A federal judge and a prominent Mississippi lawyer will discuss their journeys through the segregationist 1960s at the Overby Center for Southern Journalism and Politics Wednesday, April 17, at 5:30 p.m.
Triggering the event is the publication of “Won Over,” written by William Alsup, now a U.S. district judge in San Francisco. He will be joined by high school and college classmate Danny Cupit and U.S. District Judge Thelton Henderson of San Francisco, a former civil rights lawyer for the U.S. Justice Department in the 1960s. Henderson wrote the forward for Alsup’s book.
They will be interviewed by Charles Overby, chairman of the Overby Center, and a former classmate of Alsup and Cupit at Jackson Provine High School. Alsup and Cupit graduated from Mississippi State University.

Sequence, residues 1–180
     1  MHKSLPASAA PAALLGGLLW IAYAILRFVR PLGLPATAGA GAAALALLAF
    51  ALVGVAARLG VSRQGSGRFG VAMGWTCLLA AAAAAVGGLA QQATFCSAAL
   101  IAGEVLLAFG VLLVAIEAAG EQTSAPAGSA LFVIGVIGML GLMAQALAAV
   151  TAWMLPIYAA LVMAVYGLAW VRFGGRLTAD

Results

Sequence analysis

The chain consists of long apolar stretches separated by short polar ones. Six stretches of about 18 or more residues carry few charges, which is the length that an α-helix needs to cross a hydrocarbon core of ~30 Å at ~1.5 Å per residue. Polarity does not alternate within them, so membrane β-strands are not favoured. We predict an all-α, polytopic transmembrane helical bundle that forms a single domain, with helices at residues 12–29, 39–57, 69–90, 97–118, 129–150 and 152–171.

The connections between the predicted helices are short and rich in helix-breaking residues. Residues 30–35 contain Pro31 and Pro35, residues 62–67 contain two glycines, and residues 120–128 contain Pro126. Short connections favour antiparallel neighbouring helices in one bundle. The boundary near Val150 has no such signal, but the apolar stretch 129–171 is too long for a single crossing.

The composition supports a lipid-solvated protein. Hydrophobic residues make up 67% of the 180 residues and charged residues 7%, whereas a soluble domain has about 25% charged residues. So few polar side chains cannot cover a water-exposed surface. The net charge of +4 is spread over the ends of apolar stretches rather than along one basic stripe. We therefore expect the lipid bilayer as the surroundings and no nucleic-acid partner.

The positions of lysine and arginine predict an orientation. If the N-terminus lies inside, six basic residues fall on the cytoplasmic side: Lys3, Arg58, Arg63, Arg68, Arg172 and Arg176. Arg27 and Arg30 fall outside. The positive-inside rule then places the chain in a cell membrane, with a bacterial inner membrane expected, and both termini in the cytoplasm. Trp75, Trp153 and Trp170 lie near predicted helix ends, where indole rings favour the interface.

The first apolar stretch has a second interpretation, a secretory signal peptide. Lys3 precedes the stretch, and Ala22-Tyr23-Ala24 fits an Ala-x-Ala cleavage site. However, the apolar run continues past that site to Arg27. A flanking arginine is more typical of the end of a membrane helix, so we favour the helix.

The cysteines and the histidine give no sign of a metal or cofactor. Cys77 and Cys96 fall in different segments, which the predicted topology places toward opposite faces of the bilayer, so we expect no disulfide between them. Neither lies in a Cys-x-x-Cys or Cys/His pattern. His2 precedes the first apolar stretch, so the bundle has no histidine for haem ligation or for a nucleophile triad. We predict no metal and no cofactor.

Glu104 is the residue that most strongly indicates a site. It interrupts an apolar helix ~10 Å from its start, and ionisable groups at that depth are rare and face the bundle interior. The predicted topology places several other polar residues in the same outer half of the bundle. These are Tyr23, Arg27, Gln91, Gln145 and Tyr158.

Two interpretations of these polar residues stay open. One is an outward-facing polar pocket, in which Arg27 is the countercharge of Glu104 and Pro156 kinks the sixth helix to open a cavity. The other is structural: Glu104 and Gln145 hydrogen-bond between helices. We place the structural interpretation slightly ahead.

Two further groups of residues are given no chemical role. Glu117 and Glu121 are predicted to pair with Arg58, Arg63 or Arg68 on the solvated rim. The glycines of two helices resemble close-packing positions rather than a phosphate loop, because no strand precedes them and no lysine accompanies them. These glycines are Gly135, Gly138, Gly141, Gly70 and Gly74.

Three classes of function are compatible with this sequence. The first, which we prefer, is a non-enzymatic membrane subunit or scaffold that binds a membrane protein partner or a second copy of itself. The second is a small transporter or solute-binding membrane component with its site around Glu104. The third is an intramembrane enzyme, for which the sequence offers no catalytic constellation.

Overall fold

In his book, Alsup writes of how he broke through the segregationist status quo in Mississippi.
“Their recollections will help trace some of the early progress in race relations in Mississippi, and it should serve as an appropriate way for the Center to close another successful year,” said Overby Fellow Curtis Wilkie.
A Harvard Law School graduate, Alsup was a law clerk for U.S. Supreme Court Justice William O. Douglas. He was named U.S. District Judge for the northern district of California in 1999 by President Clinton.
The program, which will be held in the Overby Center Auditorium, is free and open to the public. A reception will be held following the event, and arrangements have been made for parking in the lot adjacent to the auditorium.
Press release courtesy of The Overby Center for Southern Journalism and Politics